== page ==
One desired capability for machines is the ability to transfer their knowledge of one domain to another where data is (usually) scarce. Despite ample adaptation of transfer learning in various deep learning applications, we yet do not understand what enables a successful transfer and which part of the network is responsible for that. In this paper, we provide new tools and analyses to address these fundamental questions. Through a series of analyses on transferring to block-shuffled images, we separate the effect of feature reuse from learning low-level statistics of data and show that some benefit of transfer learning comes from the latter. We present that when training from pre-trained weights, the model stays in the same basin in the loss landscape and different instances of such model are similar in feature space and close in parameter space.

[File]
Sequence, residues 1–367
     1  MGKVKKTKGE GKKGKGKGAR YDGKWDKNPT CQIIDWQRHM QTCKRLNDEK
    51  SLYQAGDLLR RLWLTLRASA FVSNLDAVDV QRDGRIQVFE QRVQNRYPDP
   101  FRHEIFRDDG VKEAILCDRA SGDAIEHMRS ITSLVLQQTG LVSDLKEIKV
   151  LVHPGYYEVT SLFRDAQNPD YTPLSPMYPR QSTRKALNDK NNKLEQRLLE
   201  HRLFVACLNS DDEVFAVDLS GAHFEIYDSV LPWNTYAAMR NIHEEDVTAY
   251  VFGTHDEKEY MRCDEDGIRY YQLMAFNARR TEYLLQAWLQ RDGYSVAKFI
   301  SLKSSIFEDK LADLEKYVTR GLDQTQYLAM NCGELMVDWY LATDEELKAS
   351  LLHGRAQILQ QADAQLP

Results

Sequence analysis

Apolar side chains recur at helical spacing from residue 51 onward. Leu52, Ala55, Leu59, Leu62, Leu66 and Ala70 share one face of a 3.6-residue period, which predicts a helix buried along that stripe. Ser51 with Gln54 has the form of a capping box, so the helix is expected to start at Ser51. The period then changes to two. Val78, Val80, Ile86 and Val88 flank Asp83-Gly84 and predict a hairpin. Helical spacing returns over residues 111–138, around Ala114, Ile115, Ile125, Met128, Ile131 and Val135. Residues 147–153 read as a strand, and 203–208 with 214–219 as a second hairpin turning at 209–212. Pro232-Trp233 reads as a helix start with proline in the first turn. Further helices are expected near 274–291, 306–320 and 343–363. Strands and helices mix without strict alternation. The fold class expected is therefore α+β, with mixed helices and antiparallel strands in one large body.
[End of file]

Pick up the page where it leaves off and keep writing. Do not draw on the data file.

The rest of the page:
Generative adversarial networks (GANs) have gained increasing popularity in various computer vision applications, and recently start to be deployed to resource-constrained mobile devices. Similar to other deep models, state-of-the-art GANs suffer from high parameter complexities. That has recently motivated the exploration of compressing GANs (usually generators). Compared to the vast literature and prevailing success in compressing deep classifiers, the study of GAN compression remains in its infancy, so far leveraging individual compression techniques instead of more sophisticated combinations. We observe that due to the notorious instability of training GANs, heuristically stacking different compression techniques will result in unsatisfactory results. To this end, we propose the first unified optimization framework combining multiple compression means for GAN compression, dubbed GAN Slimming (GS). GS seamlessly integrates three mainstream compression techniques: model distillation, channel pruning and quantization, together with the GAN minimax objective, into one unified optimization form, that can be efficiently optimized from end to end. Without bells and whistles, GS largely outperforms existing options in compressing image-to-image translation GANs. Specifically, we apply GS to compress CartoonGAN, a state-of-the-art style transfer network, by up to 47 times, with minimal visual quality degradation. Codes and pre-trained models can be found at this https URL.